Good Stuff Out There:

→ Sean Di Lizio chronicles the experience of participating in the International 3-Day Novel Contest.

→ K.M. Weiland shares one of my favorite pieces of writing advice: Skip The Boring Parts. (Serendipitously, I cover this topic in my upcoming Writecraft column.)

→ Dan Wilbur helps you judge a book (snarkily) by its cover with Better Book Titles. My favorites are this one and this one. (Thanks, GalleyCat!)

August 17, 2010


Remember that contest submission I was preparing for the East of Eden Writers Conference? Well, the conference -- and its contest -- have been canceled. Not enough people registered to make it economically feasible to put on the event, and on top of that, the venue closed.

I'm disappointed. I'm sure the members of my writing club who spent the past year organizing the conference are even more disappointed. They've been working hard. It would have been a good conference, and it's a shame things didn't work out.

There tends to be a lot of disappointment along the path to success in writing. Last year I collected a large number of rejection letters. At first it was cool simply to be rejected, because it made me feel like a legitimate writer, but after a while I became impatient for the happy ending to my struggle. After a longer while, I understood that my novel and I weren't yet good enough. It was disappointing and demoralizing and no fun at all.

But I got past it. I can't figure out how to say the next part without sounding like a motivational speaker, so I'll just go with it: Staying on that path to success requires persistence, resilience, and a weird combination of honest self-assessment and overconfidence. Instead of quitting, I worked on another novel and focused on becoming a better writer. Disappointment isn't fatal.

I hope the conference planners can console themselves with knowing how many valuable skills and connections they gained while organizing. And I hope they are able to offer some type of smaller event or contest this fall, as has been hinted. I know that my own work on my first chapter and synopsis was definitely not wasted. I'm going to need those same pages to be as strong as possible when I next start collecting rejection letters -- and maybe this time a happy ending.

August 12, 2010

Seeking Feedback

This post first appeared as the August Writecraft column in WritersTalk, the newsletter of the South Bay Writers branch of the California Writers Club.


Critique, like revision, is an essential part of the writing process and one that many writers dread. It's scary to share your carefully crafted words for the explicit purpose of learning what's wrong with them. But there's no way around it: if you dream of the day when thousands of people will read your book, you have to start by letting a few people read your manuscript.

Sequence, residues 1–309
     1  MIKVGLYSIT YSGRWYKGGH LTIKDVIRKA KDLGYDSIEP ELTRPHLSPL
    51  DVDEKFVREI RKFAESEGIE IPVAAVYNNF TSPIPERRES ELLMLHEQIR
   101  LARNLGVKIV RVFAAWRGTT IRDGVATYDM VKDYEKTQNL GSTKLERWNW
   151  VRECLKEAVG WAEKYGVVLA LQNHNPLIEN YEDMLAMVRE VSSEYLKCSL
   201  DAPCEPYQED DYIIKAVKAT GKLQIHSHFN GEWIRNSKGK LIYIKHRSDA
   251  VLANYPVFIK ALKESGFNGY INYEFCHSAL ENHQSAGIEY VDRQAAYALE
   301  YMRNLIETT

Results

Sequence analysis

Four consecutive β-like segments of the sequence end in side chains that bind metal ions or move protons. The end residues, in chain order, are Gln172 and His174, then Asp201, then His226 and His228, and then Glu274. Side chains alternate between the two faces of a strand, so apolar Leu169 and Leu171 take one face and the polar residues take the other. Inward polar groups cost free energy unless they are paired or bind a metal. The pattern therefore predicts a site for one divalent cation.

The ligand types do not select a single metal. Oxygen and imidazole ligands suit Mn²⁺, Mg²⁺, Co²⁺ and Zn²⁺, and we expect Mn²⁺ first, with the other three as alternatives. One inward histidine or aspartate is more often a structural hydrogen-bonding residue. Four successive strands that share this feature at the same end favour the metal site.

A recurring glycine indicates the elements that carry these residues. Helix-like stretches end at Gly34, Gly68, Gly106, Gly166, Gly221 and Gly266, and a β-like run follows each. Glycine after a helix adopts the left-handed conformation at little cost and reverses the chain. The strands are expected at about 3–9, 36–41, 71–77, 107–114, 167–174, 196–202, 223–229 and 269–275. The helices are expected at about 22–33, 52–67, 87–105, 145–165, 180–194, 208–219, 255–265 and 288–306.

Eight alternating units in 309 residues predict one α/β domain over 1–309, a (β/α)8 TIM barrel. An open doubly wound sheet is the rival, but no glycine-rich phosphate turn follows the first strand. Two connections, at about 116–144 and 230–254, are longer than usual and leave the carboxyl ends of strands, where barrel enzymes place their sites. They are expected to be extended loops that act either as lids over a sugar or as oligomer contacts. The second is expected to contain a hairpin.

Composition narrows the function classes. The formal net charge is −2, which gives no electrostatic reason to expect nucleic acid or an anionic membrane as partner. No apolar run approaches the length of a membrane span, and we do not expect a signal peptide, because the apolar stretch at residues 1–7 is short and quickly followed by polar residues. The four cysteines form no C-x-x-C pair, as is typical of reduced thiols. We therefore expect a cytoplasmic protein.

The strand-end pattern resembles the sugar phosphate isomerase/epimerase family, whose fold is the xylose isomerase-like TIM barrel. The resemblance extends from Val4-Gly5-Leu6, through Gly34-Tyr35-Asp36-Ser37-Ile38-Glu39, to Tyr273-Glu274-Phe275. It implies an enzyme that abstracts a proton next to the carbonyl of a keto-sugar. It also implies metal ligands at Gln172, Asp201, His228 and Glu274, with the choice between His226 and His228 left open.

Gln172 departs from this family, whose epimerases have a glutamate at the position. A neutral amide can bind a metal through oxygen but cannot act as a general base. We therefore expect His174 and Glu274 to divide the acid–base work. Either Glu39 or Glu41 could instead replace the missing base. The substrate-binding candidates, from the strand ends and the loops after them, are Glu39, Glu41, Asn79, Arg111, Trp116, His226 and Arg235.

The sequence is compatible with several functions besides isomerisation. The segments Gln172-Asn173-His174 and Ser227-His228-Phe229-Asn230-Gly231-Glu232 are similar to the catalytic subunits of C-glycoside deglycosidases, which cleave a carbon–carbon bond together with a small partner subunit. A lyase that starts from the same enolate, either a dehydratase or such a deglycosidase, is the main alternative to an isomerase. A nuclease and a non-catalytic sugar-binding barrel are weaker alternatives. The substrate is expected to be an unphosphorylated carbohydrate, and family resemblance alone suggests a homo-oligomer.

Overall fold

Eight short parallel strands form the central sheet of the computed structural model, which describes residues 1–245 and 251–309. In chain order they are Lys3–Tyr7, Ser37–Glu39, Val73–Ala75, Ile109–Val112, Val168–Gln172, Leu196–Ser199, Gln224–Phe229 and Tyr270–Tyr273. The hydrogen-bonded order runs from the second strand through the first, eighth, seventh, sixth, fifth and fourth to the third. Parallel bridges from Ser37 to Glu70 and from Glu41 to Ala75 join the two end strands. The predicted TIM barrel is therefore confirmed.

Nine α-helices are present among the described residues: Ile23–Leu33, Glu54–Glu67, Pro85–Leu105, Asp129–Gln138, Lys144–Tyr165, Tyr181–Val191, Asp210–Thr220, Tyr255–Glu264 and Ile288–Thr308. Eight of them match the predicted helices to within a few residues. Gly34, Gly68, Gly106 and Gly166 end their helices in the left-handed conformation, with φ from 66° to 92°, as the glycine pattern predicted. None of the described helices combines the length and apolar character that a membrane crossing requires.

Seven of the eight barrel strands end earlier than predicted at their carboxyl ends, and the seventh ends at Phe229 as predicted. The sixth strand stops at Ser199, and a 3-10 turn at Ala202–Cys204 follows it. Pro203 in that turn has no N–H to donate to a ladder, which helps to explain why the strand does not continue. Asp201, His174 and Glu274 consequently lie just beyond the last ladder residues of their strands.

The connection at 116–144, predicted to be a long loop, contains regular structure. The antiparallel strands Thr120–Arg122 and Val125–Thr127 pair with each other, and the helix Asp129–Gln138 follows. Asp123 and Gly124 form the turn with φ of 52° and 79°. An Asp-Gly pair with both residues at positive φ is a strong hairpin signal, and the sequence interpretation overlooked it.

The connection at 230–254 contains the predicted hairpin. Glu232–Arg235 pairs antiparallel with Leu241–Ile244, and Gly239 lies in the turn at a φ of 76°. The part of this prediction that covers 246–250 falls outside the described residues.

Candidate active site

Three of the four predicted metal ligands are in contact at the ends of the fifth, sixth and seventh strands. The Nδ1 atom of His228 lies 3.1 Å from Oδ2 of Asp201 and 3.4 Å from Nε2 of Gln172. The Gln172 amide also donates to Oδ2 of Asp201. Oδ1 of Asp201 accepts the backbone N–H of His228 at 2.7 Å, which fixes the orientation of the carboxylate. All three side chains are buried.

It's not trivial to find readers who can give you honest, useful feedback. Family and friends may be eager to read your work in progress, but don't expect to hear more than a few (biased) compliments when they do. Most people, even frequent readers, don't have experience reacting with much more than an "I liked it" or "I didn't like it." You may be able to coax out a more detailed opinion with questioning, but when sharing with people close to you, it's often better to accept the ego boost gratefully and then look for real critique elsewhere.

Other writers are a natural choice for feedback. They're already accustomed to analyzing stories in great detail, and they understand that when you hand them a manuscript, it's not going to be as polished as a finished book. You can join a critique group or find a writing friend to trade manuscripts with one-on-one. An added benefit of mutual critique is that as you practice responding to the work of others, you'll get better at evaluating your own writing.

You may also know non-writers who have experience thinking critically about stories. Anyone in a book club is a good candidate. Or ask that friend with a book review blog or the one who has lots of opinions whenever you watch movies together. Remember that reading for critique and offering thoughtful comments takes time. If you won't be reciprocating the favor with a critique of your own, consider treating your reader to a meal while you discuss their feedback.

August 8, 2010

Diving Back In

Writing can suck you in deep. I'd almost forgotten.

I was very busy last week, and it was partly just having so much to do that led to an unplanned blogging hiatus. But it was also that I was primarily busy with revising Chapter 1 of THE EXTENT OF THE DAMAGE for the East of Eden Writers Conference contest.

Though I've been doing lots of thinking and planning work for the novel over the past few months, there hasn't been any actual writing during that time. Last week, I dove back into the manuscript itself. I ripped apart paragraphs and threw out useless sentences and sent conversations off in new directions. Most of all, I reinhabited the characters to figure out what they were thinking, experiencing, and trying to say.

I believe it's that process of becoming the characters that makes writing so all-consuming. After intense writing sessions, I emerge a little bit uncertain of who and where I am, and definitely unclear on what season it is. Or I don't fully emerge at all. I appreciate how tolerant my loved ones are about my occasional (okay, frequent) lapses in attention when I'm deep into a story and the fictional people are more present for me than the real ones.

I've been reluctant to start the next round of revision because my expectations were more about finding it difficult than finding it enjoyable. Last week reminded me that while writing is difficult, as well as intense, it's also something I really like doing. Last week also demonstrated that my concern about not having time for both writing and blogging is legitimate. I deliberately started this blog during a non-writing period in the hope that I'd get into a groove I could sustain when I returned to writing. I'm still working on that.

For now, I'm on vacation, visiting family for two weeks. I've known for a while that when the trip was over, I'd start revising for real. I think I'm finally ready for it.

Good Stuff Out There:

→ Jason Black looks at what Star Wars teaches us about character introductions.